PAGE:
Nicolette Morris, left, and Jennifer Lazenby are working on a strategy to curb the spread of COVID-19. (Warren Goulding/Citizen)

Cowichan doctor, restaurant emphasizing social distancing

Morris and his wife, Nicolette, are also owners of The Greenhouse Cafe

A Duncan-based infectious diseases and internal medicine specialist is taking an aggressive stance against the spread of the COVID-19 virus in the Cowichan Valley.

Dr. Chester Morris has a practice at 177 Kenneth St. and also runs the ICU at Cowichan District Hospital when on call, a rotation he shares with four other internists.

Morris and his wife, Nicolette, are also owners of The Greenhouse Cafe and are the owners of the building that is home to a clinic where Dr. Kelsey Kozoris runs a bariatric and metabolic clinic.

Next door to the Greenhouse Cafe, the Fit & Salty fitness studio is taking measures to combat the virus.

“We have decided to take pro-active action in our community,” Nicolette Morris says. “The Greenhouse is now a ‘ghost’ cafe. This means it is only open for take-out and only accepts tap payments. Staff have been well trained on safety precautions and social distancing.”

Morris says Fit & Salty has moved all its classes to a video conferencing format and Dr. Kozoriz is doing all her consultations by video conferencing whenever practical.

“Dr. Morris is cancelling all non-essential visits and is using the fitness facility to provide a waiting room that allows more than six feet distancing from other people and heavy duty infection protocols are in place,” Morris added.

Other steps she has taken include initiating a call for pro-active action ideas via a Facebook campaign called “Together we can slow Covid-19”.

Morris is collaborating with Volunteer Cowichan to help them in their efforts to organize volunteers to deliver take-out meals from restaurants and groceries to seniors, immune compromised and quarantined people.

Jennifer Lazenby, executive director of Volunteer Cowichan says an organized response is critical to curbing the spread of COVID-19.

“This is about empowering the people and putting forward an organized response so everyone can contribute,” Lazenby said, adding more than 20 volunteers are in place to deliver meals.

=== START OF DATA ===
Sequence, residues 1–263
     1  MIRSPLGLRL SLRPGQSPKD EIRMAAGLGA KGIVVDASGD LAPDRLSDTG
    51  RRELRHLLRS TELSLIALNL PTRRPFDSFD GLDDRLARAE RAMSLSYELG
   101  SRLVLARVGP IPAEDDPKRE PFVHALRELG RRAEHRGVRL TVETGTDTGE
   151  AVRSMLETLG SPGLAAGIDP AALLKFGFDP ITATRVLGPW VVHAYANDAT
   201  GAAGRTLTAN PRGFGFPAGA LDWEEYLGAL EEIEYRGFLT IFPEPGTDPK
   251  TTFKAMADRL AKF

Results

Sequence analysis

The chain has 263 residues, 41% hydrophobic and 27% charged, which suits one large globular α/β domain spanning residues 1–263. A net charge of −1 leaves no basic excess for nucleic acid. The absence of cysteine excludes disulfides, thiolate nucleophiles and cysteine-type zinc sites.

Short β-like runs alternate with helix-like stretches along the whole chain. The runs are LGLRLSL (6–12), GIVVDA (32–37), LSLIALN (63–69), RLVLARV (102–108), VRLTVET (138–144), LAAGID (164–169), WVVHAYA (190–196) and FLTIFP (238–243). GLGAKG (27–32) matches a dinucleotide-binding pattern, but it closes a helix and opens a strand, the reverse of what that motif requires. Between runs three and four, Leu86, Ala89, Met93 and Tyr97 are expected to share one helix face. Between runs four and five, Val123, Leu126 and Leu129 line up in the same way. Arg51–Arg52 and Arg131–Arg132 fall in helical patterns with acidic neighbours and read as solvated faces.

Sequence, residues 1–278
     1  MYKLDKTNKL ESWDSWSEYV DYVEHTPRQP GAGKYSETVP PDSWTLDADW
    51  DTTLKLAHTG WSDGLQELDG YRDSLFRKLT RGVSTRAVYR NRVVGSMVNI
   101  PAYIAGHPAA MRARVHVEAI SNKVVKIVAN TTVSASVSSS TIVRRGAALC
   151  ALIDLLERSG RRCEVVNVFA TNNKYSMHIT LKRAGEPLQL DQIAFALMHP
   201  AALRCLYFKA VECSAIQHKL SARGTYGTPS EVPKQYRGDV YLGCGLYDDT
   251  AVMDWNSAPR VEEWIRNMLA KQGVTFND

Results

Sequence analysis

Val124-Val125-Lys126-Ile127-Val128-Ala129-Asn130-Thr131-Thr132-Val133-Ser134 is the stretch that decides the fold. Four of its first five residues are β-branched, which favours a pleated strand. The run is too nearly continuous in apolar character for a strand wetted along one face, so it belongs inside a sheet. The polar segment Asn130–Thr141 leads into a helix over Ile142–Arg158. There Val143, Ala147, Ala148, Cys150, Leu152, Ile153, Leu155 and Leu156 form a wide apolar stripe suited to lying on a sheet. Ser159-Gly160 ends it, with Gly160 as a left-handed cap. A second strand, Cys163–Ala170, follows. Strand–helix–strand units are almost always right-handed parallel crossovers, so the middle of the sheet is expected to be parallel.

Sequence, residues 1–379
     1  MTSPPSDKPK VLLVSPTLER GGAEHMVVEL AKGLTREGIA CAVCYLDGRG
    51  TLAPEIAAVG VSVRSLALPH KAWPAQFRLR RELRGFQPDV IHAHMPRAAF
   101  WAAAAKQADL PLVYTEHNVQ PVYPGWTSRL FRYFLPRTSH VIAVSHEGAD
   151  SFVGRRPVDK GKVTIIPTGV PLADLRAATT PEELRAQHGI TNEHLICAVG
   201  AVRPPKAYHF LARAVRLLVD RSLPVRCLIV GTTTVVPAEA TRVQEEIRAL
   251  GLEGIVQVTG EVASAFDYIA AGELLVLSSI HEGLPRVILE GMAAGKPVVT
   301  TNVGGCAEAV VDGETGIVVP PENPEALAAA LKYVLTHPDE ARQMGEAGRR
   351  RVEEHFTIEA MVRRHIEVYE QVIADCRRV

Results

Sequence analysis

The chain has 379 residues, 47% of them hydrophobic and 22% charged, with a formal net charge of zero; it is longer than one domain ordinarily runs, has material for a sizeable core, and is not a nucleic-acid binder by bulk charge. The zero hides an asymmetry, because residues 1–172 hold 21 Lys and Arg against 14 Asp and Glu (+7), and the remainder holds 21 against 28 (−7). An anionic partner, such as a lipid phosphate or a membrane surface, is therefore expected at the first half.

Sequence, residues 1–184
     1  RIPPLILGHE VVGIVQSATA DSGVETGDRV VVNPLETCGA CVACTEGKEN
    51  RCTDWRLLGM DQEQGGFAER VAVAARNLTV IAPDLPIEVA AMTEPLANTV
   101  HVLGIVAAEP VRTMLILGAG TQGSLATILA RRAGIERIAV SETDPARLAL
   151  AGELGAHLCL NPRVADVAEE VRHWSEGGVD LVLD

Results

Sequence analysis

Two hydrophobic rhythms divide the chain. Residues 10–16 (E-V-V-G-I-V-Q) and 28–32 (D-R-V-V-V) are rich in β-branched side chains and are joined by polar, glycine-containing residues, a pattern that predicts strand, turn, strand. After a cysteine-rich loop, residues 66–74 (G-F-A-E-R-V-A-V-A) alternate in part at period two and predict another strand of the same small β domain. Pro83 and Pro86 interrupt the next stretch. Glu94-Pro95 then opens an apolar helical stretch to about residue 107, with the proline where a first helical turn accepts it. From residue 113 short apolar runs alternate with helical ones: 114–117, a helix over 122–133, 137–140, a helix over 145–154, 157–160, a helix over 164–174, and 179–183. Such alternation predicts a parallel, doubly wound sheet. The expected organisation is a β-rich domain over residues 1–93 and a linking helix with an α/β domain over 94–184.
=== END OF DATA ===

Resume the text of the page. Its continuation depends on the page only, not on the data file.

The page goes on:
Lazenby says there is an opportunity to get the community involved “and not make it get too crazy.”

Morris says it’s critical that Cowichan Valley residents respond in an organized, determined fashion that is sensible.

“It’s about enabling social distancing while maintaining a way to do business and live our lives.

“I have reached out to other members of the community to help with the mission of coming up with innovative ways to live our lives and do business.

Morris says turning the The Greenhouse Café into a “ghost” cafe is a pro-active action designed to set an example.

“Social distancing is proven to slow down the spread of the COVID-19 virus. Slowing it down is crucial as it allows our health care system to better cope with the sick.

“Our large population of seniors in the Valley need to be protected as much as possible. If we all take action by coming up with innovative ways to employ social distancing whilst continuing with our daily lives we are doing something incredibly important. We are making a difference,” Morris says.

“So we are only open for take-out and ask that you stand at least six feet away from other customers waiting for pick-up or orders. We also only accept tap payments via credit or debit cards. Cash is a well known germ spreader.”

See the Facebook pages “Social distancing saves lives” and “Together we can slow Covid-19”.

“If we all brainstorm ways to do business differently we will be taking control of this situation,” Morris says.

Cowichan Valley Citizen

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